Acute intermittent porphyria presenting as progressive muscular atrophy in a young black man
South African Medical Journal
Acute intermittent porphyria (AIP), the most common porphyria affecting the nervous system, typically presents with neurovisceral crises followed by a motor neuropathy. We describe an unusual presentation in a young man with molecularly confirmed AIP. Case presentation A 23-year-old university student was referred to Groote Schuur Hospital, Cape Town, South Africa, with suspected motor neuron disease. Over the preceding year he had noticed insidious progressive weakness of both upper limbs.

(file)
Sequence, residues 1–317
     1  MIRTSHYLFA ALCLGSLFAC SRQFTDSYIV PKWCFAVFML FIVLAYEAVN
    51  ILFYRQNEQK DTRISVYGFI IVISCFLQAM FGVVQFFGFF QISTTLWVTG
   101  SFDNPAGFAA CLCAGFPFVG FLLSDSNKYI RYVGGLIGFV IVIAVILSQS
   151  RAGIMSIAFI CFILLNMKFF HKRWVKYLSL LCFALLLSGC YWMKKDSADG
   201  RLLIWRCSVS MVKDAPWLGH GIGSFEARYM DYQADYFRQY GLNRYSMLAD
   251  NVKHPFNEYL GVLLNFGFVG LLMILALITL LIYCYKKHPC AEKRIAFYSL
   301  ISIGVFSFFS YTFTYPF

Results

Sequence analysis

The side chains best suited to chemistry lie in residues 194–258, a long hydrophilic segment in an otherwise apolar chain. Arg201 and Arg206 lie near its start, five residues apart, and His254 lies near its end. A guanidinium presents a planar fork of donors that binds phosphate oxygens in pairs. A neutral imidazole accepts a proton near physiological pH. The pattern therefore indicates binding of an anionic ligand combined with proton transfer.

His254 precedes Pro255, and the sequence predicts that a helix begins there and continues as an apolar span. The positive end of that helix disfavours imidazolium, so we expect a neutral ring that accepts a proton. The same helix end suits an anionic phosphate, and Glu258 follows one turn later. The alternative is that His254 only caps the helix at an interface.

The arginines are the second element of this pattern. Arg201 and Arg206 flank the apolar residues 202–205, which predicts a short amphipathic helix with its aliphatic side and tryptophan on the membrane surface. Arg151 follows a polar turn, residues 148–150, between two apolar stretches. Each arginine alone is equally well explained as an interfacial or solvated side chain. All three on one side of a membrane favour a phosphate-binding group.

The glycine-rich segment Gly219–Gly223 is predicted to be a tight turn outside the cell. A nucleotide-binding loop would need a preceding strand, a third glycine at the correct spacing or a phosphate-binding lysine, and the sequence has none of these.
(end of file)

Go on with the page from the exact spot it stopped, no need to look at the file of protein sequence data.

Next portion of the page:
... th upper limbs. Initially, the weakness affected grip strength bilaterally, but within 9 months progressed to also involve proximal arm function. Ten months after onset, he developed profound leg weakness over a period of days, rendering him unable to walk without support. He had no bowel or bladder sphincter involvement and no bulbar symptoms, but complained of a weak cough. He had not experienced any neuropsychiatric symptoms or abdominal pain. Examination showed a thin and wasted man with marked amyotrophy involving all four limbs, both proximally and distally (Fig. 1) . He was bed-bound, and unable to turn in bed, feed or dress himself. He had mild symmetrical facial weakness and a weak cough with a reduced vital capacity (<80% of expected). He had truncal weakness and a flaccid quadriparesis, but no fasciculations were noted: upper limb strength Medical Research Council (MRC) grade 1/5 proximal, 2/5 distal; lower limb strength 2/5 proximal, 3/5 distal. He was areflexic in the legs with either hyporeflexia (biceps and supinator reflexes) or areflexia (triceps reflexes) in the arms. Findings on sensory examination were normal apart from a patch of reduced sensibility for pinprick and touch over the left anteromedial thigh region.